“Art is an uncovering of what is uniquely human.” –Rowan Williams (82)
This week in class we continued our journey though Rowan William’s Grace and Necessity. We are now in the second part of the book titled “David Jones: Material Words.” While there was a lot of great material in this section, the part I want to focus on here comes from the fourth section of the chapter.
Williams writes about humans having the capacity to make choices in creating and he briefly compares it to the work of animals such as spiders or ants. On page 85 he writes, “Animals (the ant, the spider, the nuthatch) produce work of outstanding beauty, but it is like the beauty of the natural world because it is ‘transitive’, it has a definable and general function; human activity aims at the embodying of meaning by deliberative choices, and this gratuitous element in what is human makes the difference between us and other creatures.”
Animals naturally create beautiful things without even having to make choices about lines, composition or colors. For humans, creation of beautiful things often requires so much though and decision making. “We choose because an act has potential meaning for us or others, not because we are bound to exercise these specific functions.” (Williams, 85).
After reflecting on this for a bit, I began to wonder if our inability to naturally create beautiful works is because of society’s structured learning systems and standards that are forced upon us – systems that teach us how and what to create. Is this what is hindering our ability to create? Maybe. But I think there is something more fundamental here that can’t be forgotten.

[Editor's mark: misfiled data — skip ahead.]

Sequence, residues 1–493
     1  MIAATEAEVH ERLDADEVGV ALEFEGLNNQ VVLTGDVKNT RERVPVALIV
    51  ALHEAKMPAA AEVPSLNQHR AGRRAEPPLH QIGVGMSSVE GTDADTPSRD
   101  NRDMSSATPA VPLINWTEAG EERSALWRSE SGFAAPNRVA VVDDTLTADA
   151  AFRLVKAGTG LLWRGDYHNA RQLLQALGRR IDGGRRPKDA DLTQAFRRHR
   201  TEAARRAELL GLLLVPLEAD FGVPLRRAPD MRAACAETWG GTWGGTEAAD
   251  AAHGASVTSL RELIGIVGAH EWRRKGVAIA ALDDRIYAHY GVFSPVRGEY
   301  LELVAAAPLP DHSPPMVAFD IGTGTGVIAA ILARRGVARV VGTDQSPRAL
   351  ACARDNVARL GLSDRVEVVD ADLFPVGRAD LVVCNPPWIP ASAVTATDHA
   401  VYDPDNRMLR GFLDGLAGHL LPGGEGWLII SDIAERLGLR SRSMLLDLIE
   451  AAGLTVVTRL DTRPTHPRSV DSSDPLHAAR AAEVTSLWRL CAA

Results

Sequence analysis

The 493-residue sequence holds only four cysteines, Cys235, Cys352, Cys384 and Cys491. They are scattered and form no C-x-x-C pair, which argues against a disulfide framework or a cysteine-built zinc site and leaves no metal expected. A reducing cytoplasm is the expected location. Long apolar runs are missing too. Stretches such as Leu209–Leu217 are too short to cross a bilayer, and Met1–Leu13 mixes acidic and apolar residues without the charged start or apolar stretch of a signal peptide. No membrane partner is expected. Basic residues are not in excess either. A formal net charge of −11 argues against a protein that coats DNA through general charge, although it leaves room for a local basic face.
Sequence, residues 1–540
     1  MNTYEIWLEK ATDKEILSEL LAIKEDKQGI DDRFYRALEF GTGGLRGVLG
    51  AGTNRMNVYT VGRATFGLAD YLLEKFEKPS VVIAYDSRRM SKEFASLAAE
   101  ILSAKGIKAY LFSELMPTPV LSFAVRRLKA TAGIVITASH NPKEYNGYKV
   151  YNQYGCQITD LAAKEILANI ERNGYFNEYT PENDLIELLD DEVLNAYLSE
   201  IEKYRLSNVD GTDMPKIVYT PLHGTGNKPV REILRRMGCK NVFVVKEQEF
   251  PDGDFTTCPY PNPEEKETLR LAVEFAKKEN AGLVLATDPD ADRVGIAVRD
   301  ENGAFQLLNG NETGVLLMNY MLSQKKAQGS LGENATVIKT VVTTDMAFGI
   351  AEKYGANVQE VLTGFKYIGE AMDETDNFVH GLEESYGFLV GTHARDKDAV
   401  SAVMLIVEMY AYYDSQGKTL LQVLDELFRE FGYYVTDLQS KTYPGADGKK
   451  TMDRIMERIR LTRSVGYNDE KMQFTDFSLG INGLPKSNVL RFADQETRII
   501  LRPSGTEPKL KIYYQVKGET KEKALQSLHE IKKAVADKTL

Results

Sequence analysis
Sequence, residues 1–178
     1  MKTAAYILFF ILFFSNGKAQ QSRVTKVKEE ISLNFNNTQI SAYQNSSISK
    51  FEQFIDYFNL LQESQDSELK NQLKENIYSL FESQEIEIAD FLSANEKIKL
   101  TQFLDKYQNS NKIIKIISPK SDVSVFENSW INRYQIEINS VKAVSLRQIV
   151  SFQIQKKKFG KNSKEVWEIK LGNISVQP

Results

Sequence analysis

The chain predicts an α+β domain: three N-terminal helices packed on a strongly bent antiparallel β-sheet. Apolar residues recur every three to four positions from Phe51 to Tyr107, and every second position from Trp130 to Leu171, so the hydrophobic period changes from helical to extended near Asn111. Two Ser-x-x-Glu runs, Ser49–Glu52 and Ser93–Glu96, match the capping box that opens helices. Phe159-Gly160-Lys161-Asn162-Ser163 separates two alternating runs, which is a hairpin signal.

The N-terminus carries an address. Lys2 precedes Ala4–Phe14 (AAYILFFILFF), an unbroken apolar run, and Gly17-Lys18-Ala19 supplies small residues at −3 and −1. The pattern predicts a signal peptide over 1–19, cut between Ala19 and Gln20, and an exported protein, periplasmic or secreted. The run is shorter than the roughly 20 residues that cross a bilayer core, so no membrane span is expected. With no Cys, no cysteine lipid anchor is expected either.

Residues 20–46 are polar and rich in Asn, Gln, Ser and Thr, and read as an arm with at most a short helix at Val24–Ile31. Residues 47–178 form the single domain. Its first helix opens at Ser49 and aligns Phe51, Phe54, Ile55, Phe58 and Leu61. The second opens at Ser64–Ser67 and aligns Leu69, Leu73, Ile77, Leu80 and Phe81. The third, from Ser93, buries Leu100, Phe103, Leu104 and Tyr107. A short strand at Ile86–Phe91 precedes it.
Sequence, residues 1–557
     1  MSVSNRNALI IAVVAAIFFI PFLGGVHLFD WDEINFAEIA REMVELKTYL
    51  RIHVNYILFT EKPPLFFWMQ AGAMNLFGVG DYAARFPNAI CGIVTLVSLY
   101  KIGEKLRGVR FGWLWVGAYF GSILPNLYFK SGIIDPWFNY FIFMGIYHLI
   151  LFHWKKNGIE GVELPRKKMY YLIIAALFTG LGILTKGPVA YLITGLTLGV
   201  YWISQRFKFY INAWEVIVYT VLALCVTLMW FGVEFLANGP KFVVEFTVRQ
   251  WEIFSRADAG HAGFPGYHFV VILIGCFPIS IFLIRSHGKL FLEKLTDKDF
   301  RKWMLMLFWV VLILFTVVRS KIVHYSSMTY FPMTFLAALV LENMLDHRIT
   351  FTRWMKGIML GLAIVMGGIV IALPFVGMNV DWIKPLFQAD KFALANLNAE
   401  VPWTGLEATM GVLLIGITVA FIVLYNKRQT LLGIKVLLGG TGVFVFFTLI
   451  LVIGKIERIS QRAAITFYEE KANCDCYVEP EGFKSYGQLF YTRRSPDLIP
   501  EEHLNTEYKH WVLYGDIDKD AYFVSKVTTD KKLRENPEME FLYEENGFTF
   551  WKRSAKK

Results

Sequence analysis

What I believe is really preventing us from creating beautiful things can be traced back to the fall of humankind. As artists we are always referring to how we are created in God’s image and how that makes us creators too!
So God created man in his own image,
in the image of God he created him;
male and female he created them.
Genesis 1:27 (ESV)
But the fall of man changed everything … including our ability to create. This makes me wonder what kinds of artists we would be like without the fall. I think that we would more capable of spectacular work if not for the fall.
So this brings up the question of if Adam and Eve were amazing artists? Did they create art? What did it look like? I can only imagine how beautiful it must have been. This very though brings a whole new perspective for me on Adam and Eve.
In the post fall world we now live in, we seek to go back to our original artistic capabilities. Williams wrote “human beings are those creatures who uniquely have the capacity and responsibility to uncover for one another the nature of the world in which sameness and otherness constantly flow into each other, and in which there is not final reading of a ‘surface’, whether the literal surface of a sheet of paper or the surface” (pages 82-83).
I really love this idea. Even though creating magnificent works may not come naturally to us, we are now armed with the opportunity to make choices that help us discover the nature of the world around us. As artists we can help reveal truths to others who in turn may bring insight to us with their own work. This cross-pollination of ideas and mediums can bring about eye-opening conversations that may have never been explored without.
Grace and Necessity: reflections on art and love, by Rowan Williams. Pages 45-90.
The Holy Bible, English Standard Version. Genesis.
Adam and Eve Images from Wikipedia.org